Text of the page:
Do you think it’s alright for protesters to occupy the Vancouver Art Gallery thus not allowing the public to use the out-door space?
 
Lauren Gill: I think that if that were the case, if we weren’t allowing the public to use it, then no. But that community that we created down there was one of the most welcoming communities that I’ve ever seen. If you look at it now there’s nobody hanging out there. Nobody’s walking through. There’s the same old people who sit on the steps smoking  pot. It’s not like there was a community there that was really displaced. It was more of a community that was built on and created down there. We had a food tent, a medical tent, and a housing system. We created all this and people came in as a result of it. We had over 100 visits  to the medical tent everyday. We handed out over 300 meals a day to people so I think we actually increased the public’s use of that space.   
 
Do you think violence would have occurred if Vancouver Mayor Gregor Robertson let Vancouver Police come in earlier to break up Occupy Vancouver?
 
Lauren Gill: I know that Occupy Vancouver came to consensus that it was a non-violent movement that people didn’t intend to assault the police. That wouldn’t have been helpful in any way. Having said that, you can’t really control the actions of the police and I know that what we’ve seen across the United States and in parts of Canada is that the police have gone in really heavy handily. There was a death of someone recently from pepper spray in Wall Street.
 
How long would you and your fellow protesters have remained at the Vancouver Art Gallery and Law Courts if the injunctions weren’t issued?
 
Lauren Gill: I’m not too sure. People are volunteering their time. I’ve personally dropped out of school to do this and I know there are a lot of other people who’ve dropped out of school or they’ve cut down on their work hours. It’s exhausting. People get really burnt out and I was surprised it lasted that long but people seem really dedicated. I personally would have liked to have seen more of a roaming tent city but that didn’t happen; and the other thing is, just because we were displaced from the Art Gallery, we did move to the court-house and to Grandview Park; and I know there are plans to take other spaces, so I’m not too sure how long it would have lasted there. 
 
The Falun Gong protest on Granville St. has to be taken down and setup each day.  Could Occupy Vancouver have done that?
 
Lauren Gill: Totally!! I think some people probably would have been in favour of that, but I believe that the tents were integral to the movement 24 hours. Not only because they’re homeless people that were actually sleeping in them but also because it’s no longer occupation. Occupations don’t take place from 9 to 5. To have the government tell you can only protest during  certain hours and that you only have rights during certain hours is outrageous. I just think people didn’t want to conform to that… although we did pack up and go, we moved to another location. The fact that it bothered people is essential. If it didn’t bother anybody we wouldn’t get any attention about the issues. I’m not opposed to it. There was a statement saying sorry if we’ve inconvenienced you we’re just trying to change the world. That’s something people have been saying across the occupy movements and I think it’s really important to inconvenience people because people are being inconvenienced all the time. In terms of the tents, for me, one of the many reasons that I was down there was because Vancouver has bylaws that make it illegal for someone to erect a tent even if the shelters are full like this year. The province refuses to fund the shelters. There’s not enough affordable housing for people. People should be able to at least provide shelter for themselves and they can’t. They’re criminalized as a result of it. For me, I was really there as opposition to that bylaw in the first place.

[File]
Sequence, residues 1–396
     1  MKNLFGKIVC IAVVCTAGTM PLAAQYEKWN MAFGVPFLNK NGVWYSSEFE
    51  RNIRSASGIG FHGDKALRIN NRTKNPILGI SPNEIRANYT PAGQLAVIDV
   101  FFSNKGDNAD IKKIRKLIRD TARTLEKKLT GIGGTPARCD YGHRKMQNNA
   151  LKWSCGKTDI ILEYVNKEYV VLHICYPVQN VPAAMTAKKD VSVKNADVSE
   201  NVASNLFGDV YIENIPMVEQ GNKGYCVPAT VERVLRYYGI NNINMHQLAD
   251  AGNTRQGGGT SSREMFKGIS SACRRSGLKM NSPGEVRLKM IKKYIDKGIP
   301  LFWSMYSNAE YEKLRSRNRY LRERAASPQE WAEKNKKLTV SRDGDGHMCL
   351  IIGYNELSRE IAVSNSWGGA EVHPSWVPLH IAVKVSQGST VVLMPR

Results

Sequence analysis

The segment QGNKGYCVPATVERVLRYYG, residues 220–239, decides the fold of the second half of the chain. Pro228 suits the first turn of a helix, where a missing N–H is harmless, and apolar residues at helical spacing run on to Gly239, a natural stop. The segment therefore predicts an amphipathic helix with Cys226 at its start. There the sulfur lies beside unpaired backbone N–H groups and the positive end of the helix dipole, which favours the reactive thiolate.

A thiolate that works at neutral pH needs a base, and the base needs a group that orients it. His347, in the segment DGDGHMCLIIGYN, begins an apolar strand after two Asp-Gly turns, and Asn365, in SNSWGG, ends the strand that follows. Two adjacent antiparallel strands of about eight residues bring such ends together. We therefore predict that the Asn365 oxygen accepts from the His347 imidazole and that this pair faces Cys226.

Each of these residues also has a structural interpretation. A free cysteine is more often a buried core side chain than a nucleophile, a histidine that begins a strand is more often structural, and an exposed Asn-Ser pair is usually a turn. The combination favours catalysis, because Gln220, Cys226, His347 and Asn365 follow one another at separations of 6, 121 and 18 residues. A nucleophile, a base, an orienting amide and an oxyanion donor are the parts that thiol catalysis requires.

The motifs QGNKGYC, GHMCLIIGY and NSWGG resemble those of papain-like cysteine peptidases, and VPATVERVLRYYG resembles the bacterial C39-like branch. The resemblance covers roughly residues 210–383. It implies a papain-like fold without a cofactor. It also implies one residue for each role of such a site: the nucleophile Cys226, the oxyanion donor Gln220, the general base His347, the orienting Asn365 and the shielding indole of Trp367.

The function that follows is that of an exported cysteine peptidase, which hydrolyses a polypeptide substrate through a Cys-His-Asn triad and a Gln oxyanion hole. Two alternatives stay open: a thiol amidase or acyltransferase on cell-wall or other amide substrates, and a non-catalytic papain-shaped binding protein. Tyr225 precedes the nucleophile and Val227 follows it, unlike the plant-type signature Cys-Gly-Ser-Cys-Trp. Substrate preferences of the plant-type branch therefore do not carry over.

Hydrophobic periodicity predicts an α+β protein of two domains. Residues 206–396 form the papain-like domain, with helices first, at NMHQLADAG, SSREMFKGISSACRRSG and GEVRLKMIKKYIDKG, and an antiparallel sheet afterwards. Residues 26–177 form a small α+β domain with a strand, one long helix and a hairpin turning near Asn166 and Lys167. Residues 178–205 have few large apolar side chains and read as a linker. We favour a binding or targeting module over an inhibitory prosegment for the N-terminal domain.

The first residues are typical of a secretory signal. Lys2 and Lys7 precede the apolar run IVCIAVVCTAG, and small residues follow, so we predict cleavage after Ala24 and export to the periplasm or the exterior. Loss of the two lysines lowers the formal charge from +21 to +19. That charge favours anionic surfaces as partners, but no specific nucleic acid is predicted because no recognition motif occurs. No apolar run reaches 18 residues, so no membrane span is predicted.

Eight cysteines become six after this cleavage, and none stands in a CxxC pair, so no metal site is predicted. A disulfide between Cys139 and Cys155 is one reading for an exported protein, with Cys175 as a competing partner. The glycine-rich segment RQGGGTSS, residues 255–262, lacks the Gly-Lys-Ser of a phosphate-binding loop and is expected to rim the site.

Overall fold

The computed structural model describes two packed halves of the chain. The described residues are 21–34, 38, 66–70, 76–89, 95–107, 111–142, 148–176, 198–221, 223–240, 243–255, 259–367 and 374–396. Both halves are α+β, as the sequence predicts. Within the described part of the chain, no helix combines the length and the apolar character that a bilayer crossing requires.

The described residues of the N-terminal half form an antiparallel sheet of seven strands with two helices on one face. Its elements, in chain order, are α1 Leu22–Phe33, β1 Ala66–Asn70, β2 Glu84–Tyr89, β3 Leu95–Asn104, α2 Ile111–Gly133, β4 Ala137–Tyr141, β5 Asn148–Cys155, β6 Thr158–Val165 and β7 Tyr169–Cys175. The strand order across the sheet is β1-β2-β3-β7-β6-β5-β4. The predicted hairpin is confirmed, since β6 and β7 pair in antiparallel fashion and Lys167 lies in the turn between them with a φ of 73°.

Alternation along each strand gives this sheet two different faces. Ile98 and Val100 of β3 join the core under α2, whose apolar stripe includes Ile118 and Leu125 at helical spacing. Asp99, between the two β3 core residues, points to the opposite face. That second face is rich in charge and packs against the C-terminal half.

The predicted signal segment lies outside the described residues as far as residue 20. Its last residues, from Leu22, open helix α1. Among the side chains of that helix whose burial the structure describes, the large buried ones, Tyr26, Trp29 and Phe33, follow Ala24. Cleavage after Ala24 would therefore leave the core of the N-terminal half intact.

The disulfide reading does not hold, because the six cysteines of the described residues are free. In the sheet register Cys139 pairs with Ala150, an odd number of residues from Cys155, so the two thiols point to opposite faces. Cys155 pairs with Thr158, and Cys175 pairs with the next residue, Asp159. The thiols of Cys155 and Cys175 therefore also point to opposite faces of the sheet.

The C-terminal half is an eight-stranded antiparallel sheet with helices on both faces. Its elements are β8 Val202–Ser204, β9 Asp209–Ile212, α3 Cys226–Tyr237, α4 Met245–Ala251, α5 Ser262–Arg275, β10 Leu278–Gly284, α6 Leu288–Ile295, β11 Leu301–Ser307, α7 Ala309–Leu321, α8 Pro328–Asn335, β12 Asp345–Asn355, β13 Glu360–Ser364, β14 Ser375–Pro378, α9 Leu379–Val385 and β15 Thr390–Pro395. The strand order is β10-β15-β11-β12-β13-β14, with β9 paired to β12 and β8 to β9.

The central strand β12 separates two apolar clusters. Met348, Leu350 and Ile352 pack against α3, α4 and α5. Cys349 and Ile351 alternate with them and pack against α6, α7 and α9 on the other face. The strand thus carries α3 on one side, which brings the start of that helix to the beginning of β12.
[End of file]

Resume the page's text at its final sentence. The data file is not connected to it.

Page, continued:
Where will the Occupy Vancouver Protest and tent encampment show up next? I’ve heard Stanley Park and Granville Island.
 
Lauren Gill: I’m not too sure. I know that there is an occupation happening on the 29th. It’s not Occupy Vancouver but it is in solidarity with the occupy movement. It’s happening in the downtown eastside. It’s called Occupy Pantages Occupy the hood. I know that there are other occupations that are going to be taking place next week.
 
Does that mean the tent encampment is done? Are we not going to see anymore tents popping up somewhere?
 
Lauren Gill: I think you will. I’ve actually stepped away the last two days, away from organizing, so I’m not 100% sure what the plans are. But I know that there’s probably a small group of people. What we’ve kind of done, at least during the court move, is we had a small group of people that we relied on to make a decision and we all just had blind faith in them that it would be a good location. I think that there’s probably a group of people that are planning something currently but I’m not 100% sure. Like people say, you can evict a tent city but you can’t evict an idea. People are still willing to come up with more ideas in terms of tent cities. The injunction only applies to the Art Gallery and to the Law Courts and they didn’t do the overall blanket injunction which they wanted. I’m happy that they didn’t. As someone who’s involved with the occupations, I feel terrified. I thought ohhhh this is going to set precedent for the organizing in Vancouver in terms of tent cities. I’m really glad that didn’t go through.
 
If you keep at it though, you might just get that blanket injunction.